How the Spurs’ defense has taken control of the series
By the end of Game 1 in the Western Conference Semifinals between the Spurs and Warriors, Steph Curry had people thinking Golden State had a real shot at upsetting the now-highest seed remaining team in the NBA playoffs. After Game 2, Klay Thompson had people downright changing their picks.
And it was certainly an understandable sentiment at the time. Young legs versus worn bodies. Explosive individual scoring versus systematic execution. A new basketball storyline versus one that just won’t go away. It gave way to all the makings of a newly formed national bandwagon and all the hyperbole that comes along with it.
Mark Jackson said he had the best-shooting backcourt in league history, and he challenged the doubters to call his bluff. But a few days later it was “the hand of God” that would save his team, not its two best players.
After watching Dubs 3-pointers scorch the nets through the first two games, nobody would have chastised those who converted to the belief of divine intervention. In fact, it seemed like the only possible logic. Even if there had been better 3-point-shooting teammates in league history, nobody had any real evidence based on what they’d just seen.
After all, shots like this one were going in…
Also this one…
But San Antonio didn’t budge; it believed in the science of its own system. The Spurs kept using terms like “trust” and phrases such as “buy-in” to reinforce their own beliefs in what it is they do. And what they do — what they’ve done all season — is make life difficult for the opponent’s offense just as they do its defense.
Thompson’s 29 points in the first half of Game 2 were as mesmerizing as any you’ll see in a 24-minute span. Every time he stopped and popped the ball found nothing but the net, and before the Spurs could absorb the barrage that befell them, they were in their own locker room facing a 19-point deficit.
But ever since they walked back on the court for that second half, things have been different.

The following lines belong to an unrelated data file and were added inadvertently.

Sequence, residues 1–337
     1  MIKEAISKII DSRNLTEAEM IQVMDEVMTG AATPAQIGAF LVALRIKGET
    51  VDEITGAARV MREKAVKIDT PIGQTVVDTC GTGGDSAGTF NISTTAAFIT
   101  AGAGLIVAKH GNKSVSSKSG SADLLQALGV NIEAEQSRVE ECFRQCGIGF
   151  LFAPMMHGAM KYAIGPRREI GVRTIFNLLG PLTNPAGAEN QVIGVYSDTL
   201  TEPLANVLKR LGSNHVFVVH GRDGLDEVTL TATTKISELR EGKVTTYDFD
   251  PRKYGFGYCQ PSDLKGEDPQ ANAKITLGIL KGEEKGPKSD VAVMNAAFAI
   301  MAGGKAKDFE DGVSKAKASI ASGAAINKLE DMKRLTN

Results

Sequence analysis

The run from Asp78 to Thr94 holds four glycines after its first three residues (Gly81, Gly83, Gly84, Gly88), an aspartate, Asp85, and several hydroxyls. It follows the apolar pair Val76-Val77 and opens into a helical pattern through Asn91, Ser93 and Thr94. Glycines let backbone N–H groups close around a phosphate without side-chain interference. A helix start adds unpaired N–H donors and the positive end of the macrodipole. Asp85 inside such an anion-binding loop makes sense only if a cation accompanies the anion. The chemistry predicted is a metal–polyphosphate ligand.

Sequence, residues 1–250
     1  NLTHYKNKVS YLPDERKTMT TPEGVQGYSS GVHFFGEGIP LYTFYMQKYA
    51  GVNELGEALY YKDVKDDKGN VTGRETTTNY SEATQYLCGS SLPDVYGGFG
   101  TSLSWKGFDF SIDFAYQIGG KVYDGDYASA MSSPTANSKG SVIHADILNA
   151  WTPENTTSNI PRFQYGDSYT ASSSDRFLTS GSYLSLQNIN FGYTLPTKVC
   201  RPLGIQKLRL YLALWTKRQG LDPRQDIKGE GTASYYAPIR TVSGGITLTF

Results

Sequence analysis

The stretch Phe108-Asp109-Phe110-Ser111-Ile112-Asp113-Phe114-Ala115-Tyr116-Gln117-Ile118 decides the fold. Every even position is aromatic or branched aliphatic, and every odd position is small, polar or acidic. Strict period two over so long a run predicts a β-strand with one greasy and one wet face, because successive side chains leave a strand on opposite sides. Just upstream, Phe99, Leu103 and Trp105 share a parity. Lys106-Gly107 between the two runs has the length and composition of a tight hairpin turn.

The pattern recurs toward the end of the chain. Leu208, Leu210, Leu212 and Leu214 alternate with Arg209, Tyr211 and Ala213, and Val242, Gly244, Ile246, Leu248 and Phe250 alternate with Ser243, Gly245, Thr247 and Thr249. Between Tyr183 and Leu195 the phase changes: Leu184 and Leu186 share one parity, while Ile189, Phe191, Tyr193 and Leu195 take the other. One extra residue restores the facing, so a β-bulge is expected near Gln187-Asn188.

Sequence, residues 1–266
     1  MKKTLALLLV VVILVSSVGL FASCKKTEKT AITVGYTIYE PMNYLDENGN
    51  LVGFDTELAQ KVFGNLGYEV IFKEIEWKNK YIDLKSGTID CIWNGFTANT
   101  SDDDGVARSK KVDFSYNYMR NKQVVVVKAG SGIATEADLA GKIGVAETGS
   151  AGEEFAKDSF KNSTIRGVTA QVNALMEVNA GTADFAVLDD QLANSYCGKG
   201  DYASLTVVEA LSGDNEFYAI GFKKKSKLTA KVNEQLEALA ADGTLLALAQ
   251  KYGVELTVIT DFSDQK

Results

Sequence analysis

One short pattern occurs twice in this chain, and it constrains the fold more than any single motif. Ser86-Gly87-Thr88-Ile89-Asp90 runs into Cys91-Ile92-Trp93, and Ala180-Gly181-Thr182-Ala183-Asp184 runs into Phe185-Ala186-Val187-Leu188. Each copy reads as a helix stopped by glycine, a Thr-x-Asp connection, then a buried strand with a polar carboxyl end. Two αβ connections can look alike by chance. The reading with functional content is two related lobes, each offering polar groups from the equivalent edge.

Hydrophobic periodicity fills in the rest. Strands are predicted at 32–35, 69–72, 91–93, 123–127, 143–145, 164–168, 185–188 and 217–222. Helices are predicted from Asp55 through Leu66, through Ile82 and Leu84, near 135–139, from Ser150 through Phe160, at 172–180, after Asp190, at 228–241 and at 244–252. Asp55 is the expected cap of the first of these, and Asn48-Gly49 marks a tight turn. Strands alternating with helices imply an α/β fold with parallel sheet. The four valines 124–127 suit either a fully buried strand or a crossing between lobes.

The Warriors’ starting backcourt duo scored 105 points in the first 82 minutes of the series. That’s a little better than 1.28 points per minute played between the two, which is, um, good. But in the 173 minutes played since halftime of Game 2, Curry and Thompson have combined to score just 92 points — a clip of just .53 points per minute. Much of that has to do with the fact that their early series pace was unsustainable, but the Spurs’ perimeter defense certainly had something to do with it as well.
Curry — the head of the Golden State snake, as Tony Parker said — was the one who had to be stopped, or at least slowed down. He’s the one who opened it up for everyone else. His ability caused the Spurs to mismatch defensively, putting bigger defenders in his way to dissuade him from stopping and shooting over the top. But that put an unbelievable amount of pressure on Parker to guard the big Golden State wings, something that’s been a nightmare for San Antonio.
The Spurs have worked around that a bit, however, running Parker in shorter-than-normal bursts rather than prolonged stretches, and minimizing his shared court time with Thompson and Harrison Barnes as much as possible. It has prevented, to some degree, all the isolation sets the Warriors were torturing Parker with play after play after play.
And while San Antonio’s adjustments haven’t exactly been groundbreaking, they’ve been effective, especially with a hobbled Curry. They’ve run a number of different defenders at him so that he rarely feels comfortable, and have only used Kawhi Leonard in emergency situations. (After Game 2, the Spurs essentially glued Leonard to Thompson, and Klay hasn’t been the same since.)
It would be insulting to the Spurs to insinuate they weren’t ready for Steph’s 3-point-shooting brilliance, as there is arguably no team more prepared for its opponent on a nightly basis than the one dressed in silver and black. But there isn’t necessarily a gameplan for what Curry did in Game 1. When you can’t miss, you can’t be guarded.
The Spurs didn’t crowd him to the extent they likely should have, but much of that has to do with Curry’s style defying general offensive concepts, which flies in the face of San Antonio’s defensive strategies.
One of Gregg Popovich’s coaching staples is the premium he places on transition defense. The Spurs as a team are below average in terms of athleticism, so turning and running back downcourt to defend their own rim is a more important practice than most anything in the San Antonio system. And they know how crucial it is against a team that runs like the Warriors do. But Golden State is built on exploiting the Spurs’ instincts to get back, which is why this matchup has been so problematic.
The Warriors don’t want to attack the rim in transition. They want to stop and shoot before the defense has even turned around.
Take this screengrab from early in Game 1. The Spurs were able to get every player back defensively before the ball caught up with them, but when you’re defending Curry in transition that doesn’t always matter. This shot came after a steal on the Warriors defensive end, and not four seconds had run off the shot clock before Steph was launching. Notice that Boris Diaw and Kawhi Leonard had yet to even turn their heads.